Visual filmmaking differs from most narrative film forms, and is more comparable to music, painting & poetry. There are almost as many styles of visual film as there are of those allied arts. The filmic experience relies on the whole sensorium of color, image, motion, sound and time rather than just representational imagery and dialogue, and appeals to the emotional/unconscious brain as much as the intellectual/conscious brain. A total tour de force could blend all these elements, but for purposes of this discussion, we’ll treat them as distinct.
From the beginning, Eisenstein pointed out that the basic unit of film language is the juxtaposition of images: first two, then a sequence, then the montage. Like word, sentence, paragraph, sequential film images create sense as they build a trajectory from beginning, thru middle, to end. Native cognition always seeks those three: the proposition, the elaboration, the resolution. Thus, music, composition and story.
Each filmic element is resonant with meaning, feeling & idea that is richer than any simple thought or impression. Combined, they reinforce, associate, recall, blend & contradict in the experiencing mind. And in a sudden flash of insight, they can turn into their opposite. The wonderful, cognizant mind tries to make what it can of its overwhelming world of experience, and when it can’t or just for adventure, opens itself to transformation into a totally creative unknown.
Image is a primary element of the experience: the evocation of meaning in shape, color and content; instantaneous impression, reference, association, memory. Motion or action can be interpreted in multiple ways, a story developed. Recognition or identification with the human or natural references evokes personal feelings. Conflict or dissonance creates questions or doubt, fear or wonder.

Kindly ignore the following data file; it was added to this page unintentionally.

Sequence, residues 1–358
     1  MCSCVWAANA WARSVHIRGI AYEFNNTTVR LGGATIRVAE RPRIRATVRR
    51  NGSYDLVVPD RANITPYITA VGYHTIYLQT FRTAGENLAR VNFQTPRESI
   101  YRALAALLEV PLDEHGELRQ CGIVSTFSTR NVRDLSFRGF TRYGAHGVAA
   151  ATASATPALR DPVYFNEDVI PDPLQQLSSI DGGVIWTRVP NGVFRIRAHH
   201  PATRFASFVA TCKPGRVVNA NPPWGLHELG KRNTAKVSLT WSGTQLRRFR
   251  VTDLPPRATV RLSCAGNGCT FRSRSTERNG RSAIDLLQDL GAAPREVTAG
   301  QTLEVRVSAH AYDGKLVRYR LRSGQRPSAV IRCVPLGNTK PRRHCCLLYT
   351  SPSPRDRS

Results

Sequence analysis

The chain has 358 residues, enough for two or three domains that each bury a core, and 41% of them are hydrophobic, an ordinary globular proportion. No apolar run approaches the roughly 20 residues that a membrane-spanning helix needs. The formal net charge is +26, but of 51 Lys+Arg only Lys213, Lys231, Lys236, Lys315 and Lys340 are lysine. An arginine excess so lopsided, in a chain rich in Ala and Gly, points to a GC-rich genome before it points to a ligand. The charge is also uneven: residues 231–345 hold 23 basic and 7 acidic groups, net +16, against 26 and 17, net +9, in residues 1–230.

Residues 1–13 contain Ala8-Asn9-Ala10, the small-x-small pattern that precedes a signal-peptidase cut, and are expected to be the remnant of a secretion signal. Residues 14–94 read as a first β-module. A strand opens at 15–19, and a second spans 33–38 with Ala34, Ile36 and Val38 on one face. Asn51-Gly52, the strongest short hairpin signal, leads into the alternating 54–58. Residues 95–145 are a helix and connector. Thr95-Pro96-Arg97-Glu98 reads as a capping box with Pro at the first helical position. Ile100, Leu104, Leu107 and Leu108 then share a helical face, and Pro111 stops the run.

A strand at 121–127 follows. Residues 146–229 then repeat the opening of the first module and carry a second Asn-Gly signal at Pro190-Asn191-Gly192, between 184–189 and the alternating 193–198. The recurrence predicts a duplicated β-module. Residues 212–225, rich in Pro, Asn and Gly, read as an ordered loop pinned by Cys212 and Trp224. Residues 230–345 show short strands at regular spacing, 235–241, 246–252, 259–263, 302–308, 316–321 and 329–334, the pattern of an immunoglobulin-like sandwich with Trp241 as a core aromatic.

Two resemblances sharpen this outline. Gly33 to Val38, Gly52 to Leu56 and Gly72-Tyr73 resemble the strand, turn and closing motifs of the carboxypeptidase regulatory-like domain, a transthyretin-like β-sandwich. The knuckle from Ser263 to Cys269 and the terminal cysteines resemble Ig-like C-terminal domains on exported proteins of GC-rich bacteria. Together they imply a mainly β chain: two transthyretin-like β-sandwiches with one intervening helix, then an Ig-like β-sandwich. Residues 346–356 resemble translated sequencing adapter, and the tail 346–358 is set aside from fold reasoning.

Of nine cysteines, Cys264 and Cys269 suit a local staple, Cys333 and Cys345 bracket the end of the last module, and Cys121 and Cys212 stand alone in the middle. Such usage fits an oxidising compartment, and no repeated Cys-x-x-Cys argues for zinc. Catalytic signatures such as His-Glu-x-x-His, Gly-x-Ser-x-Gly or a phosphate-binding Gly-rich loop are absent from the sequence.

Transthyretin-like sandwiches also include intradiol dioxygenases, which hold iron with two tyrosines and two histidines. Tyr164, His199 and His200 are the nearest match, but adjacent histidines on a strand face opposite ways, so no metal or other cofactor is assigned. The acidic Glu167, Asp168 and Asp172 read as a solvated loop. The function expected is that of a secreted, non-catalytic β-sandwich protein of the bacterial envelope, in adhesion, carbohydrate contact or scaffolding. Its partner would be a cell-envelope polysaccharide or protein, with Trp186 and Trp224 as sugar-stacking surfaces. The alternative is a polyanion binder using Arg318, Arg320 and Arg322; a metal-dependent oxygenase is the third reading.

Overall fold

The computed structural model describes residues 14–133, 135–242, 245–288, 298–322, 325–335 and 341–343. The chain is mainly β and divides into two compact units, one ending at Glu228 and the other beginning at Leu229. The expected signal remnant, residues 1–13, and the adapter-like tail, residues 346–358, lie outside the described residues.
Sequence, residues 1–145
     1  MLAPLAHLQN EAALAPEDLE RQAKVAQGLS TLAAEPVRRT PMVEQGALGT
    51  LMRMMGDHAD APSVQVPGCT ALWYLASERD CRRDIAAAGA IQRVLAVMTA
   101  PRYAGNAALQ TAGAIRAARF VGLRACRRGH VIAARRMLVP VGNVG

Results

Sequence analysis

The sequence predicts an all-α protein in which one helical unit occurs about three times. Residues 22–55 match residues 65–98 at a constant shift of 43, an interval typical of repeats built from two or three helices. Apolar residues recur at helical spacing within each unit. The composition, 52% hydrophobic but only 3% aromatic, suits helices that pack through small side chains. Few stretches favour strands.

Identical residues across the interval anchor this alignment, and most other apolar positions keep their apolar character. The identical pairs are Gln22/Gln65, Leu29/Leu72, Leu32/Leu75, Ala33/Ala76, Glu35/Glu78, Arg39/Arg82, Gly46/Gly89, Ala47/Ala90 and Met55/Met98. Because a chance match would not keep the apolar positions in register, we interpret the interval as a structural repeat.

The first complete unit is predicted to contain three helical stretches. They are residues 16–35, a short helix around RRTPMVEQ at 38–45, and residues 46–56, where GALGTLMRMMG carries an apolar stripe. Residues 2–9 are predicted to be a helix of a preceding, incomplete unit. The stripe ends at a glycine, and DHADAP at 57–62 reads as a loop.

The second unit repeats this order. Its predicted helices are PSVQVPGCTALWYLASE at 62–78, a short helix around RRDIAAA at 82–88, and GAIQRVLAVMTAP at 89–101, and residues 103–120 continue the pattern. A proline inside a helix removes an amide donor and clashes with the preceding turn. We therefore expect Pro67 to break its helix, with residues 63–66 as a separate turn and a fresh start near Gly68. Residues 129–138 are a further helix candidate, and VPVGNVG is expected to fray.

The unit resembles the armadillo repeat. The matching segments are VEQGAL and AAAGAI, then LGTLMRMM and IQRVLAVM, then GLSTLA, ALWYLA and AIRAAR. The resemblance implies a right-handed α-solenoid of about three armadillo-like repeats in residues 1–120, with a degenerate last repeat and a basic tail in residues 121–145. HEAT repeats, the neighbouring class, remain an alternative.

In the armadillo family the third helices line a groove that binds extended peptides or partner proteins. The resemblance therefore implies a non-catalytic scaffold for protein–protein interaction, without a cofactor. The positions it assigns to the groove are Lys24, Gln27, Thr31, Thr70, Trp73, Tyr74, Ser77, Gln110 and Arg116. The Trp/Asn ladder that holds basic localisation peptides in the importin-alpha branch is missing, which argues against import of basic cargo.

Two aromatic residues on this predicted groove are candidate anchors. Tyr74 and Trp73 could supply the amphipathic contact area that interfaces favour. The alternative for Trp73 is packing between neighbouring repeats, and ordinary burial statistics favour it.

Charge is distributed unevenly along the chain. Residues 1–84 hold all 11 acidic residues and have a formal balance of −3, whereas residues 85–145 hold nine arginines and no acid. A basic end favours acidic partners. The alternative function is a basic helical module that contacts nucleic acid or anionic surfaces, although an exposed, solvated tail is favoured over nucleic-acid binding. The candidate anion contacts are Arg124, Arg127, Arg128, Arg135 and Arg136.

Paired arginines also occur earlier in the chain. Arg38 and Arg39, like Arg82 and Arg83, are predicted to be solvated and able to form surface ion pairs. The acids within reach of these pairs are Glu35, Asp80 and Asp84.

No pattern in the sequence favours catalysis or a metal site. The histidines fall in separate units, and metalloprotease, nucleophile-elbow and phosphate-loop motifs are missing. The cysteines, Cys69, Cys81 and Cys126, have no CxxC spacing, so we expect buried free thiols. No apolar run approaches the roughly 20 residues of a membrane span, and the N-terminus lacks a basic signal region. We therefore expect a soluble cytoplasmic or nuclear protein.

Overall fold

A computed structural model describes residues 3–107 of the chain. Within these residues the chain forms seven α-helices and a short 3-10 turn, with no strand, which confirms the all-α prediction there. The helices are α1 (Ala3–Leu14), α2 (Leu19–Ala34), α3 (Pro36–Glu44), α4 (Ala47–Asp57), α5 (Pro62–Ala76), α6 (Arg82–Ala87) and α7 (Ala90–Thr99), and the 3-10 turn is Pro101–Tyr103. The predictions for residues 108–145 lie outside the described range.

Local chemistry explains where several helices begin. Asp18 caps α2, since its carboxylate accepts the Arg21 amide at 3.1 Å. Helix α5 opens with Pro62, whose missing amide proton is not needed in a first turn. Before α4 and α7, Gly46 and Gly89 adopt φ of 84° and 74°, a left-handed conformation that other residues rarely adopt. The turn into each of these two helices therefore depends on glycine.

Cognitive mind always tries to find connection between impressions; images associate in multiple ways, evoke ambiguous thoughs & memories; fade and recur in consciousness. Sensation is time based, as well, so rhythm & timing are important elements. Sounds connect with image or emotion by persistent coincidence (hello, Pavlov.) The timing of juxtaposition alters the first impression to set in - completes, compliments or contradicts the anticipation. Enjambament is the creative collision of disparet thoughts, words or rhythms in poety and jazz.
The body responds in it’s own particular ways to each sensation, so subjective responses of the organism also become a promotive or limitting factor. The retina retains light impressions for a fraction of a second; then effloresces a negative afterimage. The ears shut down or generate counter noise. The eyes blink, dialate, scan; breath shortens with hightened abdominal tensions, lengthens with repose; muscles flex sympathetically with apparent action; mirror neurons excite our inner experience of the perceived subject’s emotions and expressions.
Finally, some people may experience synaesthetic responses, where colors may excite sounds, flavors, smells and so on. All of these become the palette for the visual filmmaker, a great tool box for thought, feeling and memory to compose opus-like experiences for the viewer’s mind and body.